11 February 2017

Steel Drums and "Oil Down" - in Grenada

Everyone on the island was talking about "Ail Dung". 

-I had NO idea what to make of it. 

Turns out, it's "Oil Down", Grenada's national dish. 

In fact - it's a whole happening. 

It's Independence Day on the "Island of Spice".
Time to enjoy "Oil Down".

Everyone is decorated in Grenada's national colors, red, yellow and green.

The sidewalks are freshly painted.
Stores play national songs all week - "Three Islands, One Nation".  

Grenada became independent in 1974.
It was a French colony and a British colony.

Many names are still French:
Morne Rouge, L'Anse aux Epines. Petit Martinique. 

(Some are a curious blend of French and English - like "Lower La Tante".) 

 The British Queen is still on the currency, the Eastern Caribbean dollar.

She's a lot younger in these pictures -

The best place for the "Oil Down" is on the beach. 
It's a whole day affair.

Everyone helps. The pot is HUGE. And heavy.

These guys were VERY excited to tell me about their "Oil Down"!

Made with plantains, yams, pumpkin, breadfruit, taro leaves,
salt fish and salt pork, turmeric and coconut milk - and anything else local. Cooked "down" so the "oil" of the coconut infuses the other ingredients.

As it cooks, kids play in the water.
Boys play soccer and cricket.
Moms watch babies, men hang out.

It's colorful and the atmosphere is fun.
People are friendly.

Visitors enjoy celebrating on the beach, too.

In the evening, trucks pass our house. 
They're filled with steel pan bands, playing island music from the back of the truck.

So, with a small glass of rum punch - we sit on our balcony and join in the celebration.

Happy Independence Day, Grenada!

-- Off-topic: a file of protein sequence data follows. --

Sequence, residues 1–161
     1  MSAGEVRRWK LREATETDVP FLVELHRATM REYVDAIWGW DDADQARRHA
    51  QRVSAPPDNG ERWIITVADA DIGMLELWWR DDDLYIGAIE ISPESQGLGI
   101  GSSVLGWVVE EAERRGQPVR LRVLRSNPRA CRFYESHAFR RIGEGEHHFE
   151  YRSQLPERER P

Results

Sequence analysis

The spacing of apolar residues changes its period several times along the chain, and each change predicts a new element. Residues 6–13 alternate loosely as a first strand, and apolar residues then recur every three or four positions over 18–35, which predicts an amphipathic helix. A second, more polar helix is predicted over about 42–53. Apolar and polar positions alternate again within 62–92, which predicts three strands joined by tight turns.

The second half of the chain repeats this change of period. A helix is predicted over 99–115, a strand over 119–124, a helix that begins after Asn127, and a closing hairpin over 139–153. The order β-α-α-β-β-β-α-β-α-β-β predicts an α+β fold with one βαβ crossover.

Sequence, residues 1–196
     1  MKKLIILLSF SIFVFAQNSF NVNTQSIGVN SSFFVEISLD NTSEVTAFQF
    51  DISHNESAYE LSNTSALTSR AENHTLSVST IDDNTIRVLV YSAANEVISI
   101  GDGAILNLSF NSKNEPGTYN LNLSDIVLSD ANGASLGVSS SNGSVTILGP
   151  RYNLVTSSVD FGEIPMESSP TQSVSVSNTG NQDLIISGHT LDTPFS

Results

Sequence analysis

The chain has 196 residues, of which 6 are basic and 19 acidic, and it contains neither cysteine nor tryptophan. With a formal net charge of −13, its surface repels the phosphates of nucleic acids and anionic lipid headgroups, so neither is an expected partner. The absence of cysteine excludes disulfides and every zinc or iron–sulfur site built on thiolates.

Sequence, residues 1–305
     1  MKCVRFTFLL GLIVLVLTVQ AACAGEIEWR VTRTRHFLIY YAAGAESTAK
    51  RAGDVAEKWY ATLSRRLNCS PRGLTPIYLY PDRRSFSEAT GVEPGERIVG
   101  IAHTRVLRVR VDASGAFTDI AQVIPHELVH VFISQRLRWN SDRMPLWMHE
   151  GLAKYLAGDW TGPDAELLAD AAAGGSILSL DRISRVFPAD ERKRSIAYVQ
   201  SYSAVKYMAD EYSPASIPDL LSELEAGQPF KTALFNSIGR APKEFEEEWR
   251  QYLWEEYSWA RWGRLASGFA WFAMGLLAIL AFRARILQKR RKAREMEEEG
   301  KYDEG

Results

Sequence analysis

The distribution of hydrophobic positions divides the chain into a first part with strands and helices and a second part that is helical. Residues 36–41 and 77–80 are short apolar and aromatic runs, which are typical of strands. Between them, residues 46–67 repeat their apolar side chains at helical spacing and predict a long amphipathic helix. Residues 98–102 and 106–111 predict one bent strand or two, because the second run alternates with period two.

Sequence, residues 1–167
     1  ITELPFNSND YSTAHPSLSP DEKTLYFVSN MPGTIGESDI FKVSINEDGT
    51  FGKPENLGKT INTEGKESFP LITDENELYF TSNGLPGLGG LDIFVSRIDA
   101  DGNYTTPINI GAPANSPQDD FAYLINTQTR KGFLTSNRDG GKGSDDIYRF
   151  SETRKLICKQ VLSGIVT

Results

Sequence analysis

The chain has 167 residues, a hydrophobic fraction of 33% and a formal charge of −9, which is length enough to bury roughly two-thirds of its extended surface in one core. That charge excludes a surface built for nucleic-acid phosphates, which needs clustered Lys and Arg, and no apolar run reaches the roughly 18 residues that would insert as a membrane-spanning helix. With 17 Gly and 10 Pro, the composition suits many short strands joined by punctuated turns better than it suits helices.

05 February 2017

Sailing the Grenadines - How this Sailing Stuff Got Started

Somehow, this doesn't look - or feel - like France. 
It's not.

But this is kind of where it all started.

We're sailing in the Tobago Cays. 

Tiny islands. Amazing colors. 
Sea turtles. Eagle rays. Dolphins. 

A trail of starfish leads us back to the boat underwater after a snorkeling expedition. 

 We find a sailboat, a 57' catamaran, that needs another couple on it. 

We volunteer. 

With Isabelle, the French chef, and Frédéric, the captain. 
We don't even have to do the sailing - or the cooking - ourselves. 
Three others, a couple from England and one Swiss fellow, complete our crew.

It's very windy - 25 knots - but oh, the colors of the water!

We visit Carriacou. Saltwhistle Bay, Mayreau. Mopion. Union Island. Eat lobster on Petit Bateau. 
Petit Tabac. Petit St. Vincent. Everything very "petit". 

Between my feet and that white beach are sea turtles. And fat starfish.

 After a sandy salty week, we return to our rented house in Grenada.
We've been here over a month.

Feels almost like home by now. 

We'd been here before. 

Spice Islands.
Near the end of the chain of Caribbean islands. 

Closer to Venezuela than to Miami.  

Originally, a few years back, we thought we'd wind up buying and living on a sailboat. 

Two years ago, here in the Caribbean, we began seriously learning about boats. 
We read. Practiced knots. Took training courses.

We passed numerous exams, and got our licenses for bareboat chartering and coastal cruising, inland waterways, monohull, catamarans, navigation, and probably a couple of others. 

We hold licenses from the UK, the US, from Ireland, France, and from the EU. 
Countless books and hours of work. 

-Not that it really meant we knew what we were doing - by any means. 

We spent time on boats in Thailand, in Greece, in France, in Myanmar, in Laos, Indonesia, and all over the Caribbean.  I counted 50 islands we'd visited in the Caribbean alone! 

(See where Grenada is on my map? WAY south.)

But: At one point, we realized that - living on a sailboat, even a catamaran, isn't for us. 
Plus,  the idea of dealing with hurricane season - that just made the decision easier. 

So we began to look at canal boats in Europe. 

We considered over 500 boats (!), mostly online. Once in France, we inspected 30 boats from the inside, (here's THAT story) and eliminated another 30 from the outside. 

I made spreadsheets.
And lists.

And - you know the rest of the story.

When I was a kid, we lived in the Virgin Islands. 

Once, I was invited to a friend's birthday party on her parents' boat. 
I was probably in first grade. 

I remember being SO impressed! 

That memory has stuck with me over the years. 
I don't think I could swim yet, but man, I wanted to jump off that boat with the other kids. 

So I did. Jumped off the boat (still a favorite thing to do-) and started swimming. 

Yep. That's when it all started.